+416 Feb 29*             Umbral            1.454            78
+956 Feb 29*             Umbral            0.081            106
+964 Feb 29**            Penumbral      0.749            77
1420 Feb 29              Umbral             0.167            94
1504 Feb 29**           Umbral             1.101            105
1896 Feb 29*            Umbral             0.872            131
2268 Feb 29              Umbral            1.665            137
2640 Feb 29              Umbral            1.254            143
* Mid eclipse occurs on February 28. ** Mid eclipse occurs on March 1
After 2640 there will not be another lunar eclipse on February 29 until 3012, which will be a partial umbral. There is also a 372 year period where lunar phases and eclipses occur on or near the same date. For example all the Leap Day lunar eclipses in 1896, 2268, 2640 and 3012 are 372 years apart. Like the Metonic cycle, this only applies to several consecutive eclipses then 372 years later it will be a full or new Moon. The eclipse will take place one month later.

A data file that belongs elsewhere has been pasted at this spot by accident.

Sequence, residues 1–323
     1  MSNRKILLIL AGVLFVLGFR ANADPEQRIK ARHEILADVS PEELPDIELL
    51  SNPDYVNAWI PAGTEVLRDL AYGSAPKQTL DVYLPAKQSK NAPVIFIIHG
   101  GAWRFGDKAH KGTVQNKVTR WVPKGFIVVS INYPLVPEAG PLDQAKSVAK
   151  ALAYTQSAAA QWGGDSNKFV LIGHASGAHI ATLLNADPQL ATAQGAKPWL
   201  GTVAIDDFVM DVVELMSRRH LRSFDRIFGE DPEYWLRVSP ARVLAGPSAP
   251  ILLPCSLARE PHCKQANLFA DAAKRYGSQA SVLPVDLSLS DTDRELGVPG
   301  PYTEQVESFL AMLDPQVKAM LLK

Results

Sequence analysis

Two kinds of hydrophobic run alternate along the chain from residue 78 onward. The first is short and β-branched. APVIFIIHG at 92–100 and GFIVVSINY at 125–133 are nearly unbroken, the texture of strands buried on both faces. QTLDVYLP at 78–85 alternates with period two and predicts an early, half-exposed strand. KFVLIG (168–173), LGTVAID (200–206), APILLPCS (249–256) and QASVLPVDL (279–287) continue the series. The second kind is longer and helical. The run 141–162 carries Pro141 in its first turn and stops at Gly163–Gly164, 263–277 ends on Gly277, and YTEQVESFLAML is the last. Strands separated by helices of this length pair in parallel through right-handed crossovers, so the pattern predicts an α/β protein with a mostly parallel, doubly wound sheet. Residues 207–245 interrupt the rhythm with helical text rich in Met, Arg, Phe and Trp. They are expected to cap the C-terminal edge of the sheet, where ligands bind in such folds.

There are more lunar eclipses, which take place on Leap Day in this 5000 year period than that of solar eclipses. The reason for this greater frequency is that lunar eclipses are visible from a much wider area than those of solar eclipses.
Some Saros series, which have occurred or will take place on Leap Day, are in existence today. For solar eclipses they are Saros No.s 121, 126, 127 and 144. For lunar eclipses they are Saros No.s 131, 137, 143 and 149. The author has seen and photographed those of solar Saros No. 126 and lunar Saros No.s 131, 137 and 149. Below are two examples.
EQ MountEQ MountEQ MountEQ Mount
         Solar eclipse. 01.08.08. Saros 126         Total lunar eclipse. 28.09.15. Saros 137
The total solar eclipse (partial in the UK) of August 1 2008 (Saros 126) produced an annular on March 1 1756, but only the end of the partial phase occurred on February 29. The total lunar eclipse on September 28 2015 (Saros 137) will produce a total on February 29 2268, which will be our next Leap Day lunar eclipse.
Images copyright Alex Vincent